It was not enough, we were informed via Neville, to set aims and objectives for each of our modules, which we had done. What was required was a set of aims, objectives and outcomes for each and every seminar comprising the course. Bollocks! I resolutely refused, feeling the same way I had about dead light bulbs. There was to be no come-uppance. Apparently my two bulging ring binders of documentation were deemed adequate. In the event of the inspection and audit of UCL courses that followed, there occurred, I understand, an altogether more interesting explosion as home and visiting hierarchies clashed. The shoot-from-the-hip combustible Derek Roberts was the Provost. When an auditor entered, flung his papers onto an appropriately polished long table in a room replete with portraits of the dead and exclaimed that there were a lot of questions requiring answers, Derek told him that if that was his attitude he could pick up his papers and leave the campus: UCL was open to interrogation but not to gross and foolish attempts at intimidation. Autocrats have their moments.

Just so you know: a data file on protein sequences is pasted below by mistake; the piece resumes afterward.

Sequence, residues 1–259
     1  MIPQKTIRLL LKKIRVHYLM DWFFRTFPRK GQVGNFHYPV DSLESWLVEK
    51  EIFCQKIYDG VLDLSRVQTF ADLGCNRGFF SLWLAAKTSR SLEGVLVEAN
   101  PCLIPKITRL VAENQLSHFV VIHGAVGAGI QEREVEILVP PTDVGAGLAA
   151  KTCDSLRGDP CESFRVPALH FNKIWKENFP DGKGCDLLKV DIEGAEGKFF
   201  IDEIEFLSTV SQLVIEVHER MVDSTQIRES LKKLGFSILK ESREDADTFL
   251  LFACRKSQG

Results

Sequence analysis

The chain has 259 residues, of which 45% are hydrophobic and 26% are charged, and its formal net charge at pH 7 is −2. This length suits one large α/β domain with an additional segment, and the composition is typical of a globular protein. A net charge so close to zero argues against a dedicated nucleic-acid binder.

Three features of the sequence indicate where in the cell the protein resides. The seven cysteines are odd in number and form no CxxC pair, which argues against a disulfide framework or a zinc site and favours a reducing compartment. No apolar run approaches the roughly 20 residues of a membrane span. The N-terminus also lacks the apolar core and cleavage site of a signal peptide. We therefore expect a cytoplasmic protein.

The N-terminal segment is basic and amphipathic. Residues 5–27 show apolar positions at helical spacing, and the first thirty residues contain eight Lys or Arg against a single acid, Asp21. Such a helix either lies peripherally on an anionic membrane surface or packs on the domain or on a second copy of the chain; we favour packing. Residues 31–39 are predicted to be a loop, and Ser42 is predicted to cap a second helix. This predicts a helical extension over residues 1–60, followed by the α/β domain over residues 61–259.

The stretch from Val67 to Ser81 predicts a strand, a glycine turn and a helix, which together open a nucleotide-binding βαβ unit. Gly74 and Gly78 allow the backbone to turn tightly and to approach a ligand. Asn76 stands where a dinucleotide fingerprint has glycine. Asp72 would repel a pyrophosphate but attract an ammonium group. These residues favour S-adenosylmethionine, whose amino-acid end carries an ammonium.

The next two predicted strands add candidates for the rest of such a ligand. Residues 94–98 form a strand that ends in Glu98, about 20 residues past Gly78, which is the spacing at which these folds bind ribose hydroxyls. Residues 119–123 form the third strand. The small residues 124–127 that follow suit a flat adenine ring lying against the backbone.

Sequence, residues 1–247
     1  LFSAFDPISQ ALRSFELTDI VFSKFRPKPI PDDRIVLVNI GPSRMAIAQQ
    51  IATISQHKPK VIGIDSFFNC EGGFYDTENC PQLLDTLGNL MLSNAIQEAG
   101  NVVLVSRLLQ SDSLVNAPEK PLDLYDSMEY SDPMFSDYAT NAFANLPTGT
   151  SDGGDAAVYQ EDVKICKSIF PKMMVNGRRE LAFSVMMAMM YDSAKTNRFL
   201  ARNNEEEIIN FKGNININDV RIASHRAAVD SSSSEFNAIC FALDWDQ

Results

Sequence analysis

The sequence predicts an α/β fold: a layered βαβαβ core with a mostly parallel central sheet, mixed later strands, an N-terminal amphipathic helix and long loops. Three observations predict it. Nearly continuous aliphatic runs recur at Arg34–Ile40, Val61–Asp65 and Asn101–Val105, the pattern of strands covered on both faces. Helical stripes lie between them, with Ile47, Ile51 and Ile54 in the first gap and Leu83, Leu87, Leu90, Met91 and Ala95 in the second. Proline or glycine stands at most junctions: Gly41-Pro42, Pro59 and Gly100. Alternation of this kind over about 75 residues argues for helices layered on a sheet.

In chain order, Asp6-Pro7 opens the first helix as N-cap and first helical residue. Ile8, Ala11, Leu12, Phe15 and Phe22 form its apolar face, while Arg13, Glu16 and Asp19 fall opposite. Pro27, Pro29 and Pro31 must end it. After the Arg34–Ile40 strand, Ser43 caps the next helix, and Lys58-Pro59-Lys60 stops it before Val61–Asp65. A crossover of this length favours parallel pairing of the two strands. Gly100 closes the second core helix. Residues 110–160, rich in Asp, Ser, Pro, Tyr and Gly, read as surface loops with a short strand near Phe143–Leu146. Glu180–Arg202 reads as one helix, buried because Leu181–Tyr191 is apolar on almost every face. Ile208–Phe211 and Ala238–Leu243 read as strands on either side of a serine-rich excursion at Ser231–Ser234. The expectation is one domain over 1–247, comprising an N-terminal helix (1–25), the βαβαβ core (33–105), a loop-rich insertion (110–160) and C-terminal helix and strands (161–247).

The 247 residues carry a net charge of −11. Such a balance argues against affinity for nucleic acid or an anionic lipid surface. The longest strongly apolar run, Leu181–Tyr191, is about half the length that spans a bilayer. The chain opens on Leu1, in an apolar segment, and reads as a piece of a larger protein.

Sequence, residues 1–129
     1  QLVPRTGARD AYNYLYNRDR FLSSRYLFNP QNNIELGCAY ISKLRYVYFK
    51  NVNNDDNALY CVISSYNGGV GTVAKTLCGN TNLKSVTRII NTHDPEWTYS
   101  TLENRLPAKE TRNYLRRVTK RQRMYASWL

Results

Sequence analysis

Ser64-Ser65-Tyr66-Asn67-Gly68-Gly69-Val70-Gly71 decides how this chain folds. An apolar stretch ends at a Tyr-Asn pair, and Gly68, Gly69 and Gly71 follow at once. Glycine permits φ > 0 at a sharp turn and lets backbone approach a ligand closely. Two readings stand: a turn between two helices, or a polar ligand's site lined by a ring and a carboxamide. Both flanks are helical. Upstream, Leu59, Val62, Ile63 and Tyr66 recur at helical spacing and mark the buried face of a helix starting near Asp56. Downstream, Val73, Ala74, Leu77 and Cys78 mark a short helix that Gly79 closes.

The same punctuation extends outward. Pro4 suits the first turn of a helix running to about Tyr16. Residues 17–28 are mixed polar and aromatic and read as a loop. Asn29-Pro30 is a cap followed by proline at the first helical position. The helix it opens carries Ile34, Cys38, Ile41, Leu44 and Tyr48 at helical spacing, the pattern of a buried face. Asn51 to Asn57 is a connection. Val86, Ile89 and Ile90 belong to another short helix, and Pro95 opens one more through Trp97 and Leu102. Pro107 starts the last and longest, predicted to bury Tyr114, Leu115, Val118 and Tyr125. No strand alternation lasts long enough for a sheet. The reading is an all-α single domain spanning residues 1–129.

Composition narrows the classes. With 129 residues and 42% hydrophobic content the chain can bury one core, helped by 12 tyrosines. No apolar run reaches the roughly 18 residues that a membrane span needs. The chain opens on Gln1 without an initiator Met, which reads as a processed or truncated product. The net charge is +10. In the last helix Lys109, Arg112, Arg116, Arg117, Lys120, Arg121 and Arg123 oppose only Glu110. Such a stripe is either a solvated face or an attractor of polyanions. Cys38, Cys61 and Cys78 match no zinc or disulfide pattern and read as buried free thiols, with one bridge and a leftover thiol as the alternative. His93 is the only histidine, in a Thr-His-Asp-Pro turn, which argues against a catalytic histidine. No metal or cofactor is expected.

The final year of our time-limited M.Sc, 2003, is a study in its own right. Eight students accepted and confirmed their commitment to attend in writing. Of these, six were from outside the European Union: none of them turned up, or indeed informed us that they did not intend to do so. Feeling morally committed, Paul and I explained the situation to the other two candidates and offered to go ahead if they were still up for it. Yes, they said. One subsequently withdrew, seemingly put off by the realities of being one of a pair. So we taught the one student in our final year, Suzanne Moffatt. But what a student! Already in possession of a Ph.D, Suzanne travelled down from the far north, teabag at the ready (‘just a cup of hot water please’) to engage Paul and I in debate. She was, and is, a delightful colleague and is now a senior lecturer at Newcastle University. If we had to conclude our initiative, this was a reasonable way to do it. But why did it happen? I think because we offered an unapologetically academic – indeed, theoretical – experience which did not lead to obvious credentials in an age when employers as well as aspirants were focusing on the pragmatic attainment of credentials. It was a good course, but we were overtaken by events and insufficiently willing to compromise. It is enormously to the credit of Jonathan Gabe in particular that the Royal Holloway course survived these same constraints.